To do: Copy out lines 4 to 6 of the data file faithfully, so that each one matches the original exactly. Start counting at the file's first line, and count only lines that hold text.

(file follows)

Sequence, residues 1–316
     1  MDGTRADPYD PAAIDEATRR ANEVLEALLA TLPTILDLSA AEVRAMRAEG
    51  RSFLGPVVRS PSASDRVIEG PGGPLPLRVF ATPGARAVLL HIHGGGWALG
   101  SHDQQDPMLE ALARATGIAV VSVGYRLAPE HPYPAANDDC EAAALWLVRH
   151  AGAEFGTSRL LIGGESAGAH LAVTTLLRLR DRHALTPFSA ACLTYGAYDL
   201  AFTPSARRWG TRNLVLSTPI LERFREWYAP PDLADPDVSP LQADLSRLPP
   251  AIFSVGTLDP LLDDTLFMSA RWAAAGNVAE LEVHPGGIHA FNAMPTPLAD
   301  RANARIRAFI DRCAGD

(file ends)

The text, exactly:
   101  SHDQQDPMLE ALARATGIAV VSVGYRLAPE HPYPAANDDC EAAALWLVRH
   151  AGAEFGTSRL LIGGESAGAH LAVTTLLRLR DRHALTPFSA ACLTYGAYDL
   201  AFTPSARRWG TRNLVLSTPI LERFREWYAP PDLADPDVSP LQADLSRLPP